How should the US government spend $7.2B in broadband funds?

At Tuesday's first inter-agency meeting in Washington, DC around the US government's new $7.2 billion broadband stimulus package, the government put out strong calls for public input in the form of both comments and program proposals.

Government interest is particularly big on the question of "how there can be better inter-agency coordination of broadband initiatives in order to develop a report on rural broadband strategy," said Michael Copps, acting chairman of the Federal Communications Commission, one of three federal agencies involved in divvying up the hotly sought after funds among Internet access providers of various shapes, sizes, and persuasions.

Signed into law last month by President Obama, the American Reinvestment and Recovery Act allocates $4.7 billion to the Commerce Department's National Telecommunications and Information Administration for giving out grants to spur broadband deployment in "unserved, underserved," and low income communities. The Department of Agriculture's Rural Utilities Service (RUS) will disburse another $2.5 billion in grant money. In addition, the FCC has been directed to create a "national broadband strategy" over the next year and a "broadband map" by 2011.

"We're calling on all of you to develop proposals for funding," said Rick Wade, senior advisor and acting chief of staff for the NTIA, during the open forum on Tuesday.

The NTIA is also inviting members of the general public to six open forums later this month, for attendance either in person or via webcast. Four of the forums -- on March 16, 19, 23 and 24 -- will be hosted at the Commerce Dept. in Washington. Meanwhile, field hearings will take place on March 17 in Las Vegas, Nevada, and March 18 in Flagstaff, Arizona.

Spokespersons for the NTIA and RUC said on Tuesday that each agency will hold three rounds of grant money disbursements. The NTIA has set April to June of 2009 as the dates for giving out the first round of grants, October through December of 2009 as the dates for the second round, and April through June of 2010 for the third round.

Since the FCC must submit a plan about rural broadband to Congress by May 22, people who want to comment on that subject need to send their ideas to the FCC by March 25.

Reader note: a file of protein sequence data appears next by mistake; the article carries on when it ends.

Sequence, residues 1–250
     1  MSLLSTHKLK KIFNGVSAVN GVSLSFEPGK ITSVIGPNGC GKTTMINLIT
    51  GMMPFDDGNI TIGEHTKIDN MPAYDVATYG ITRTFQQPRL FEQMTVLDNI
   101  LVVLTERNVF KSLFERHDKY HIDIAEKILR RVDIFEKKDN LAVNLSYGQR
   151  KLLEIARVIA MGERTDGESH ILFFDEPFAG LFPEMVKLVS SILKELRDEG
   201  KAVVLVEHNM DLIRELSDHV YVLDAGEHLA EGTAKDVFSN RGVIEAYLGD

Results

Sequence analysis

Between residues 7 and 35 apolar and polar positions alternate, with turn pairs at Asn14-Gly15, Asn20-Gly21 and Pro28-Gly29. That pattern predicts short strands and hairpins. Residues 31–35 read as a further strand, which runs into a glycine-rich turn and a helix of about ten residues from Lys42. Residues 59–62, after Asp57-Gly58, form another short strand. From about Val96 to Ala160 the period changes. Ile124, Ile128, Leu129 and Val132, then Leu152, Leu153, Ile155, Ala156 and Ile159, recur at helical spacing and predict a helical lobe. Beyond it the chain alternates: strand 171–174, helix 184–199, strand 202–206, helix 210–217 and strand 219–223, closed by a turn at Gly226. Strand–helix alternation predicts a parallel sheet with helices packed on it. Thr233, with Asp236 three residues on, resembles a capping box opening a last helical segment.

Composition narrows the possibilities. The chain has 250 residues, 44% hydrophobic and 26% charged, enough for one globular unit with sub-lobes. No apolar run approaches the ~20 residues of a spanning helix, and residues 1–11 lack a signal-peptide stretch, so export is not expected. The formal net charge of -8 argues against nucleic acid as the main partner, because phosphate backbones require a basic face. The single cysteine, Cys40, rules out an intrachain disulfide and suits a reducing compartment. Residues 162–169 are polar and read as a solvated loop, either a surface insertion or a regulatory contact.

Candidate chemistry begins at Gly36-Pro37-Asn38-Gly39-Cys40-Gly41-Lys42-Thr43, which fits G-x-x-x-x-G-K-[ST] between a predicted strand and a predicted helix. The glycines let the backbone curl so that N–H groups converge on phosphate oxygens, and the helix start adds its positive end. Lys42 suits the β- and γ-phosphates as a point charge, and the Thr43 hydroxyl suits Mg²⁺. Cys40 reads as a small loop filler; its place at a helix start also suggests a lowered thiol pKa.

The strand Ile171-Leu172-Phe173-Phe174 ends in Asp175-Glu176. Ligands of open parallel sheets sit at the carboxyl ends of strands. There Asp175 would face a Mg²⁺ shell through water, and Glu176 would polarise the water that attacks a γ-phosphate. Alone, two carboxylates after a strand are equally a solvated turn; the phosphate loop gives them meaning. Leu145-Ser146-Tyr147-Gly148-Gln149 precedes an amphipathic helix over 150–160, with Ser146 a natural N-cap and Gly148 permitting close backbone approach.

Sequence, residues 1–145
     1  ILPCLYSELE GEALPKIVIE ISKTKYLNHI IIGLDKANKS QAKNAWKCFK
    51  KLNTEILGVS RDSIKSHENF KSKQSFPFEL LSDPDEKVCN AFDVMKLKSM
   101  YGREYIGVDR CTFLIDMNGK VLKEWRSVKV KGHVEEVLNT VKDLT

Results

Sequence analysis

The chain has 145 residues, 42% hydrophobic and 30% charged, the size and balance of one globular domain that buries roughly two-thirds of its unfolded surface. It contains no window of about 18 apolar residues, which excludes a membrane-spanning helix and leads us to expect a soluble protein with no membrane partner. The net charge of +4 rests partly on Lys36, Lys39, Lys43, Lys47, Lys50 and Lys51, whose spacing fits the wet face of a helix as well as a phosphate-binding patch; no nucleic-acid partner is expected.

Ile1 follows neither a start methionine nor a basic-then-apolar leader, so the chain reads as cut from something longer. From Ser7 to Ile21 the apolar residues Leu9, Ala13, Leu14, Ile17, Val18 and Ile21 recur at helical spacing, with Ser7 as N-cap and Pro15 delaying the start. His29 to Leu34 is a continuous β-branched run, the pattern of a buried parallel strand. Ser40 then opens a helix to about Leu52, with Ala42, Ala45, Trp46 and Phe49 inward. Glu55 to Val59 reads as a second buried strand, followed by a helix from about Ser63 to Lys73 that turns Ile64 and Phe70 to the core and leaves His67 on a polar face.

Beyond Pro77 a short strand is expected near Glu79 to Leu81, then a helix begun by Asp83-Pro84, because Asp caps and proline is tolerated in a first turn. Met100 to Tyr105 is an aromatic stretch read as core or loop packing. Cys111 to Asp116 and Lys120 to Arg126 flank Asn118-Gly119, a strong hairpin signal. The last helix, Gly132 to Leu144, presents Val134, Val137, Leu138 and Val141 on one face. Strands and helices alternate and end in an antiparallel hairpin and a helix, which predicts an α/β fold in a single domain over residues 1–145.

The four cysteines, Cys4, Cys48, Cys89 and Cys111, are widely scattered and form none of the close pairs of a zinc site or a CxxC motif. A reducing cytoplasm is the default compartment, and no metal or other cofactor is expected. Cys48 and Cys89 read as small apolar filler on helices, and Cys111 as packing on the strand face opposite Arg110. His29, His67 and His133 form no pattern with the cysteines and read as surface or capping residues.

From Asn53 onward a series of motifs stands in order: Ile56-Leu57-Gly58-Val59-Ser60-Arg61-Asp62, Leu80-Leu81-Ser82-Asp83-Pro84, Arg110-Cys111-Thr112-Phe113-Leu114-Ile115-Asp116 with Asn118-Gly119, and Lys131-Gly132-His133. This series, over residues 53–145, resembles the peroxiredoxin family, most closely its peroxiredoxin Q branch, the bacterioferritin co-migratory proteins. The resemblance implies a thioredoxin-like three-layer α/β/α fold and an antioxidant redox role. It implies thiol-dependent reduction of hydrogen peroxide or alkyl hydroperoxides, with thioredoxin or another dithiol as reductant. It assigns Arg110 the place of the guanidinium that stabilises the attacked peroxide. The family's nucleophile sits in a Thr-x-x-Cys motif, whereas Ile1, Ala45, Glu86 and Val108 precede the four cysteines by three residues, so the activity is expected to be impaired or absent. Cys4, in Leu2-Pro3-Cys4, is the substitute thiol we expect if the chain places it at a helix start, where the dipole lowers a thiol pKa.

With billions of dollars at stake in the broadband stimulus package, special interest groups are already chiming in with their opinions and recommendations.

"For too long, federal applications for loans and grants have imposed heavy
administrative cost burdens on small cable companies. ACA is gratified that
the Obama Administration is committed to an open, streamlined process with a
minimum of red tape," said James Polka, president and CEO of the American Cable Association, in a statement on Tuesday.

"ACA members look forward to sitting down with NTIA, FCC, and Agriculture Department officials to discuss the needs of small cable companies interested in seeking grants and loans."

"Huge swaths of the country -- rural and urban -- will contain a mix
of unserved and underserved households and businesses," said S. Derek Turner, research director of Free Press, who has also authored a report called
"Putting the Angels in the Details: A Roadmap for
Broadband Stimulus Success." (PDF available here)

"We encourage the agencies to tackle the immediate problems of unserved areas and last-mile networks, but also to focus on critical questions of
underserved areas, low-income communities and middle-mile
infrastructure. And to maximize the public benefit, these agencies
must ensure that the broadband programs adhere to principles of
affordability, speed, and openness," Turner said on Tuesday.

8 Responses to How should the US government spend $7.2B in broadband funds?

© 1998-2024 BetaNews, Inc. All Rights Reserved. Privacy Policy - Cookie Policy.